Caching strategy

The cache strategy that will be used is directly dependent on the project specifications. For example, features that display personalized information cannot use StaticCache. Content that performs real-time rendering cannot use cache blocks. Therefore, the eZ Publish implementer needs site specifications in order to identify the best cache solution. These specifications don't need to be overly documented or obscure, or rely on a complex development process; they merely need to be factual and efficient. For example, a simple website will have a very short specification.

eZ Publish 3.8 will have new features that allow header alteration and make use of an external caching system like Squid. More information on these features will be published in the near future.

Good practices as well as a few tips and tricks provided in this section will make implementing the site specification easier, less error-prone and improve site performance.

Project components should always be as well-organized as possible. Store your project design and extensions in the extension directory, not in the directory that stores the default design. This will simplify migration and upgrades and make the project layout easier to understand.

Use a consistent and clean directory and file structure. Use consistent naming conventions. For example, use either underscores or camel case for the template names, not a mix of both. Do not keep backup files of templates in the "live" area, and clear deprecated files as soon as possible to avoid accidentally maintaining unused files.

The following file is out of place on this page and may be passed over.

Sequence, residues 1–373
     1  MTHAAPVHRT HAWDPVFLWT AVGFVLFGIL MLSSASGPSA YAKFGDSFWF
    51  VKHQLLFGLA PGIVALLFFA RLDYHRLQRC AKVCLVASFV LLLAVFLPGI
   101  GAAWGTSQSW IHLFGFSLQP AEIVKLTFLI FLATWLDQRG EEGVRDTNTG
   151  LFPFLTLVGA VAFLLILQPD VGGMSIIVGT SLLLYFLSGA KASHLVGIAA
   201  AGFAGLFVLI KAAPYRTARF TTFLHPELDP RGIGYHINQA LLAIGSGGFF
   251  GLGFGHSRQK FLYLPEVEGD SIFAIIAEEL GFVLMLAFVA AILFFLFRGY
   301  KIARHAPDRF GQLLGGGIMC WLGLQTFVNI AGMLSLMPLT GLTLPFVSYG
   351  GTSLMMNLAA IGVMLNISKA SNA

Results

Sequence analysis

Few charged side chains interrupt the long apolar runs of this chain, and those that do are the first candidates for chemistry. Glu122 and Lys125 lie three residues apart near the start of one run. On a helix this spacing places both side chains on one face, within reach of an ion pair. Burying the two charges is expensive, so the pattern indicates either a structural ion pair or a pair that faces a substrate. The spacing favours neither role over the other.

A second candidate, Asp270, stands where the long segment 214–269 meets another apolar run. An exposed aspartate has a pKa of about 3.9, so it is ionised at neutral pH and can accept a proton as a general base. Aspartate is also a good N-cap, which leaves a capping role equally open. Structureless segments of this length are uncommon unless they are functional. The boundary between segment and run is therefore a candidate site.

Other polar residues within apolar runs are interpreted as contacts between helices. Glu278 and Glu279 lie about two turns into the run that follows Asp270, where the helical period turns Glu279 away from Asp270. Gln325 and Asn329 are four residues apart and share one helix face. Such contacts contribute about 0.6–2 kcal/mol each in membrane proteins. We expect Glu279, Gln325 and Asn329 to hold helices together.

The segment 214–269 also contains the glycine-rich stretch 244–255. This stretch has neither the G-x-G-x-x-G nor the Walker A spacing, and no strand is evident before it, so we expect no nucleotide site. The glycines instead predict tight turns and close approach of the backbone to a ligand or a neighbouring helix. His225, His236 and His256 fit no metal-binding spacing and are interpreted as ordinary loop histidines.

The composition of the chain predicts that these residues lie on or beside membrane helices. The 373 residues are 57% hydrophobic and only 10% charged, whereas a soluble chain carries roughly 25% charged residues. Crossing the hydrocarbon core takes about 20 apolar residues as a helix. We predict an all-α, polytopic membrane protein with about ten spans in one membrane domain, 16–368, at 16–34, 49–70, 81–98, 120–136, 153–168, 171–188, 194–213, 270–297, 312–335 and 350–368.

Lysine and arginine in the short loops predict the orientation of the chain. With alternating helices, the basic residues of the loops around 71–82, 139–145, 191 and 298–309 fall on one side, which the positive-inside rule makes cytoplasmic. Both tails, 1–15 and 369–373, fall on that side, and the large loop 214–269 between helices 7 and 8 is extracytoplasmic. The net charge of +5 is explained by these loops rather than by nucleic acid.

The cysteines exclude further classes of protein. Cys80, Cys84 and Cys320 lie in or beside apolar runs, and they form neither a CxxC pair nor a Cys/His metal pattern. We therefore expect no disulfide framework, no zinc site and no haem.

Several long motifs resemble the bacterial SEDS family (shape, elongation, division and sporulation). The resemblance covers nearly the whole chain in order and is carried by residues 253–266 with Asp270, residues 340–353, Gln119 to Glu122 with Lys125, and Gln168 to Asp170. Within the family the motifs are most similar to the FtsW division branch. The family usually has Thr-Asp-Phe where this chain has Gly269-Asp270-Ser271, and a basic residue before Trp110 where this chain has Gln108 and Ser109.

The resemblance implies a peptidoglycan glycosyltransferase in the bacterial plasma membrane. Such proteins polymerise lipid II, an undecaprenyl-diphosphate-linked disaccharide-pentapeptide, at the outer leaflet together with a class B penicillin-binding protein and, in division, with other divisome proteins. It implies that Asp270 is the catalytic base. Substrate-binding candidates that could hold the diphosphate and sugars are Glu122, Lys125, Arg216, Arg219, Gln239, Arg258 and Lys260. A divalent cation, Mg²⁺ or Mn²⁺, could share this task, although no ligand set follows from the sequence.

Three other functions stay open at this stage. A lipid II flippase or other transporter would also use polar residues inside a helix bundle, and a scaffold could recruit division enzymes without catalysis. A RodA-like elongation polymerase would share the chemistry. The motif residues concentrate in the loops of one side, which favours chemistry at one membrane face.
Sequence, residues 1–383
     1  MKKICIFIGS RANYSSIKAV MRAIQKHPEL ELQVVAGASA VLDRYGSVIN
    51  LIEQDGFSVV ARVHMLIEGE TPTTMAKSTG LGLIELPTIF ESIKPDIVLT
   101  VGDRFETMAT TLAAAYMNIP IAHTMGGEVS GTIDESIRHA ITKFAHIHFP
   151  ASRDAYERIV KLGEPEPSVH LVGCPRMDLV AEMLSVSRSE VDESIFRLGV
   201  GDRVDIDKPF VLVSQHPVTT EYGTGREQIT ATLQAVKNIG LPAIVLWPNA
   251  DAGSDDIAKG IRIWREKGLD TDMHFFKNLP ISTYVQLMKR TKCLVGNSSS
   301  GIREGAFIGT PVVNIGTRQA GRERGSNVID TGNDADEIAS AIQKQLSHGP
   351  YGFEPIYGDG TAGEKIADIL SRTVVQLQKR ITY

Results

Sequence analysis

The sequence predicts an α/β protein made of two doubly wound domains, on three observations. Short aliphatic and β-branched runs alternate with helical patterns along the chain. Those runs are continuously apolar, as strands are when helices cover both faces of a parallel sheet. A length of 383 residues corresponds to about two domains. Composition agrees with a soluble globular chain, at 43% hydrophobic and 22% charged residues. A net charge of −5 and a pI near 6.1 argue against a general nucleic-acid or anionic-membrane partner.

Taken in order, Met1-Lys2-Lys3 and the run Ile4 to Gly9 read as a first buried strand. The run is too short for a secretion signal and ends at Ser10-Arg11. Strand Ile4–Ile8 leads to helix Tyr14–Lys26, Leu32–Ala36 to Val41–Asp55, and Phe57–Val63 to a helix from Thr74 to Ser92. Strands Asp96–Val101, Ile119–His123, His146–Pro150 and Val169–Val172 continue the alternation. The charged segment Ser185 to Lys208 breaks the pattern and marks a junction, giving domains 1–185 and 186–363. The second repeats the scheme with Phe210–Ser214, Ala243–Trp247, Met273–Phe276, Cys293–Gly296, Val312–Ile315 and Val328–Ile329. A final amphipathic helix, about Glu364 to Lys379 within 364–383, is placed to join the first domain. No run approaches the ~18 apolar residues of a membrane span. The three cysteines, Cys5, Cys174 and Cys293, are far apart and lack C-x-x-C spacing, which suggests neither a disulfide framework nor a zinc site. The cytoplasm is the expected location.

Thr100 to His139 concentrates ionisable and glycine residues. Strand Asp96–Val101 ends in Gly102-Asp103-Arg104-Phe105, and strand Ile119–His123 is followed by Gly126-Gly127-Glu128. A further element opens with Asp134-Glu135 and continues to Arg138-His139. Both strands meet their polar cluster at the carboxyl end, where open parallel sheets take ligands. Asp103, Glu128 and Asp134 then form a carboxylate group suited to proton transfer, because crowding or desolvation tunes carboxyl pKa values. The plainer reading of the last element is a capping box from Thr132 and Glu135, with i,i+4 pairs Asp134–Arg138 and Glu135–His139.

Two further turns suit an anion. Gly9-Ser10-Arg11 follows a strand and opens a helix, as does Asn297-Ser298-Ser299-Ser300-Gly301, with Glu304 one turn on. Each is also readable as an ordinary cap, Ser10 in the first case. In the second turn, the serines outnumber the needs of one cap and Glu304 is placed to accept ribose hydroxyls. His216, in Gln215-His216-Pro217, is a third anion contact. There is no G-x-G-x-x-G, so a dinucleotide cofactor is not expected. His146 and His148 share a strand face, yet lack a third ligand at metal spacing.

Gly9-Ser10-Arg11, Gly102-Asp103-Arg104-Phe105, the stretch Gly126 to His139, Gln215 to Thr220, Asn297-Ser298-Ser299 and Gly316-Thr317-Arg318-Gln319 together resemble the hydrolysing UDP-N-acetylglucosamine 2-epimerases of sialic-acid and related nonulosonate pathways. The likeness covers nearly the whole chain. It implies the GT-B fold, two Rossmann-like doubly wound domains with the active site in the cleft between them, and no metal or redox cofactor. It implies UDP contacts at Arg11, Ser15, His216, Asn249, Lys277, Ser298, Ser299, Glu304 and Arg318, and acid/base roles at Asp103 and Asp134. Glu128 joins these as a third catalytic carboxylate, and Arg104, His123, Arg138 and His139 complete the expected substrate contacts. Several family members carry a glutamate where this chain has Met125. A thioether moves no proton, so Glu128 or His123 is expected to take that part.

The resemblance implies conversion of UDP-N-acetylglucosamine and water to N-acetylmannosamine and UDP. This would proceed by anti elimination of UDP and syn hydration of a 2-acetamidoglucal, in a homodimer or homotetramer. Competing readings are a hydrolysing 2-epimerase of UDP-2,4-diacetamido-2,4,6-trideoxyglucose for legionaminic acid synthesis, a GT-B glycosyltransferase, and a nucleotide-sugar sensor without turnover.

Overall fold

Tips and tricks

These tips and tricks will make the implementation of your site smoother:


The $node variable is generated by the content/view module. It is therefore available in most pages during development. However, it should never
be used in any templates other than the one that overrides the node/view/* template. When ViewCaching is enabled, the variable will no longer be available after the cache is generated, as the content module is not going to fetch the Node object from the database.


Located in content.ini, the AvailableSiteDesignList[] array lists the designs the system should include when clearing ViewCache. If your custom design name is not listed in your override configuration file, ViewCache files won't be cleared when content is published.

Cache blocks